Skip to main content



Due to the ongoing situation with COVID-19(Coronavirus), the events originally scheduled for 2020 may be postponed or cancelled.
Please check the original website before you actually schedule them.

Helpful guide in case of emergency while traveling in Japan

Please use the following information for your guide in case of emergency such as a disaster, illness, or when you need help while traveling in Japan.

This is a Safety Information Card provided by Japan Tourism Agency.
You can also jump to the website by clicking the links below.

Twitter @Japan Safe Travel

JNTO Official Website

NHK Get Latest News

JNTO "When you are feeling sick"
It is helpful for finding medical institution and shows how to use them.
The guide is available in different languages; English, Chinese(繁體中文, 简体中文), Korean(한국어), Thai(ภาษาไทย), and Japanese(日本語). You can also see flows from reception through payment, and how to tell your symptoms (with pictograms sheet).

JNTO Japan Visitor Hotline [24 hours a day]


Ambulances/Fire Service

Recent posts

A seashore back in time of 12th century that suddenly appears in a present residential area

Seibuumetate Daini Park; there is a pond in this park, and in the center of it there is a little island named “Kogoi-jima”. This little island used to be an actual island floating on the sea.

When the area's development projects carried after the World War II, the surrounding area had been reclaimed and the only this island and the torii(*) were left behind to preserve these memories.
The torii gate, which is normally located at the entrance to Shinto shrines, was built here, because the trees used for the construction of Itsukushima Shrine was cut out from the nearby mountain and sent from the seashore around here to Miyajima.
Even now, the seawater flows into the pond, and it is a rare pond where the water level rises and falls with the ebb and flow of the tide.
*the torii currently standing there is the one reproduced

Let’s take your own shopping bags with to the store!

Starting from July 1st, 2020, plastic bags has become charged at stores.

Before that, plastic bags were provided for free when you buy things in most of the stores such as convenience stores and drug stores in Japan.

This change, which could sound more natural for those living in other countries, may greatly affect the lifestyle of Japanese people.

Now, to save the global environment, take your reusable shopping bags with you when you go out for shopping.

In Japan, for a long time, a large cloth called “furoshiki” has also been used to carry things. It is very convenient and also substituted for the shopping bags. When not in use, you can fold it like a handkerchief and carry it around; when you use it, you tie its four corners and use it as a bag.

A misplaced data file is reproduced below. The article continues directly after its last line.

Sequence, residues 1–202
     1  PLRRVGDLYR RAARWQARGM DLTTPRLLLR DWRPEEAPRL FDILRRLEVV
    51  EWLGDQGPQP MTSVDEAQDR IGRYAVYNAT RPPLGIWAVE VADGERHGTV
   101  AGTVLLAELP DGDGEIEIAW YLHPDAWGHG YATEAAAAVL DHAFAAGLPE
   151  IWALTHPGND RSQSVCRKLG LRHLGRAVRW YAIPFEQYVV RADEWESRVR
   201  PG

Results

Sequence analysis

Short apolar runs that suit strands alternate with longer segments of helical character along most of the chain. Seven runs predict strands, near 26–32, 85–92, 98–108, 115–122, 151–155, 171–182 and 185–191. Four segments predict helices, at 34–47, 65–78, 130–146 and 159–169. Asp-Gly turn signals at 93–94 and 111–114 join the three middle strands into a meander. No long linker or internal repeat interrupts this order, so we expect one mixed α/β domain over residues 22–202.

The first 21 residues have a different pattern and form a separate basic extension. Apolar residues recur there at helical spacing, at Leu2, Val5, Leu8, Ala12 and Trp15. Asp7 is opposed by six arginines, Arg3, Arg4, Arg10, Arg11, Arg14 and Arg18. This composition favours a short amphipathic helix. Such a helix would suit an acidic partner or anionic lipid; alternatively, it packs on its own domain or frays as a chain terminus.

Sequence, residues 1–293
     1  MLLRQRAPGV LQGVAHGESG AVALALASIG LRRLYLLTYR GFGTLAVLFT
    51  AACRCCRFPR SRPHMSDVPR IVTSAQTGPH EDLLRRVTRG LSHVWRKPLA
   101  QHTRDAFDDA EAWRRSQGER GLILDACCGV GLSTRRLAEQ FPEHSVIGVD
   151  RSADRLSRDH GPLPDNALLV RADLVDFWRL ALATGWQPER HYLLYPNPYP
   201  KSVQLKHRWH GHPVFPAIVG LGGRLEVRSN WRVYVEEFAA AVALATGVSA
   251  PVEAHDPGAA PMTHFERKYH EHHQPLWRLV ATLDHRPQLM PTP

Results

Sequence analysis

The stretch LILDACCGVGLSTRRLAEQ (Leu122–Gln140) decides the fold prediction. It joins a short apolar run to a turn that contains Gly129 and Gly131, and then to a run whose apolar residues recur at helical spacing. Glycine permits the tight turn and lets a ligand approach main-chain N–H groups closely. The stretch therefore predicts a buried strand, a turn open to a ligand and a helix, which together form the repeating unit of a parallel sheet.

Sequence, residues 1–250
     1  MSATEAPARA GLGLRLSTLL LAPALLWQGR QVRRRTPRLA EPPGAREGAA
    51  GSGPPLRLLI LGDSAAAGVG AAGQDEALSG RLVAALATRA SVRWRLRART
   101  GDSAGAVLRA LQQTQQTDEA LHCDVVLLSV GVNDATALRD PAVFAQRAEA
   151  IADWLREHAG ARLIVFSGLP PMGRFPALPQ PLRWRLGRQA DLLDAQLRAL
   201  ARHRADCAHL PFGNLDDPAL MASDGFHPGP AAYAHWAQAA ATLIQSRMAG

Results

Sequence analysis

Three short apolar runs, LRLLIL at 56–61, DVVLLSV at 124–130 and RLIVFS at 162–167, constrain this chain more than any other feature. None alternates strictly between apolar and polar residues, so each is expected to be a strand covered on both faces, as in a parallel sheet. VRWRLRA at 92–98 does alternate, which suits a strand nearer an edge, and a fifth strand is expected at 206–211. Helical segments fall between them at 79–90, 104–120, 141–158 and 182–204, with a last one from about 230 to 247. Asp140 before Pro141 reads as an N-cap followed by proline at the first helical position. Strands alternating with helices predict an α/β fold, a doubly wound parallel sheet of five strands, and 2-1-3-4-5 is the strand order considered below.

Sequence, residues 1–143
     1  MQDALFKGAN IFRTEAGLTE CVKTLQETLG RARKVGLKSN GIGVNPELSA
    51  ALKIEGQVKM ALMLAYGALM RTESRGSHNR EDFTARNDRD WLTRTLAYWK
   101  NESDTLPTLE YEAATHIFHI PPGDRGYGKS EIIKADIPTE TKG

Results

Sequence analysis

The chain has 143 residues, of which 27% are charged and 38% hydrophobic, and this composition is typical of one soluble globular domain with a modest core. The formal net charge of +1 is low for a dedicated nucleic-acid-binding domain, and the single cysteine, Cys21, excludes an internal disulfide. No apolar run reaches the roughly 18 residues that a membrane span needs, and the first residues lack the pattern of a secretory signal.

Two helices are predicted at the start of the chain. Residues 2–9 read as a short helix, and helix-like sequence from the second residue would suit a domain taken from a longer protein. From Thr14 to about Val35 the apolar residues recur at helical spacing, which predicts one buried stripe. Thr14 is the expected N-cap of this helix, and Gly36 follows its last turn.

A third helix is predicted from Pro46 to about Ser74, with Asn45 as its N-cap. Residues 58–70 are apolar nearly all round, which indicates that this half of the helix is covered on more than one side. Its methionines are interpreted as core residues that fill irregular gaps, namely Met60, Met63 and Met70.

How about trying one and taking advantage of old Japanese wisdom?

"Rest House”, the only existing building with the appearance of those days in the Peace Memorial Park.

When you visit the Peace Memorial Museum, your emotions may be shaken and you may not feel like enjoying your trip.
However, now and even before the atomic bomb was dropped, Hiroshima still has its culture, and we would want you to know the daily life and culture of people living in Hiroshima.

We should be able to build a better world by knowing and understanding each other.

The Peace Memorial Park is now well developed as a park with no houses, but before the atomic bombing in 1945, it was a downtown area of Hiroshima as well as a residential area.

What retains the impression of those days is the current Rest House.

History This building was not built as a Rest House.
When it was built in 1929, it was a Kimono Shop called "Taisho-ya Kimono Shop". Please click here for the interior at the time of construction.

If you have ever watched the film "In This Corner of the World ", please recall the scene where the main character, Suzu, went out for delivering dried-seawee…

Café Igel

A traveler meets a traveler of the future here.
The owner/chef of this café, who has traveled around the world, serves breakfast from around the world.

Variety of sandwiches from around the world are served.
Find your favorite taste!
All the food & drink menus have take-out/ eat-in options.
-English menu
-Vegetarian and Vegan options
-Free Wi-Fi

For further information:

Hiroshima Weather Information

Hiroshima is comparatively warm and is one of the areas that has the most clear-days in Japan.

June - July From mid-June through late July, Hiroshima is in rainy season.

July - September After the rainy season, it is most likely to be very hot and humid until mid-September; we ask you to stay hydrated enough to prevent heat stroke.
Locals often use parasols to keep themselves out of the sun, which is recommended for travelers, as well.

Also, August and September are known for the typhoon season in Japan.
When typhoon is approaching or hitting the area you travel, please take care of yourself, and pay more attention to the traffic information of trains and Shinkansen.

December - March From December through February is it the winter season.
It is rare that we have snow along the southern coast, but when it snows, please try to check the latest traffic information.
In some part of the mountainous area in northern part of Hiroshima, it snows a lot until mid-March.
Be careful not to get in…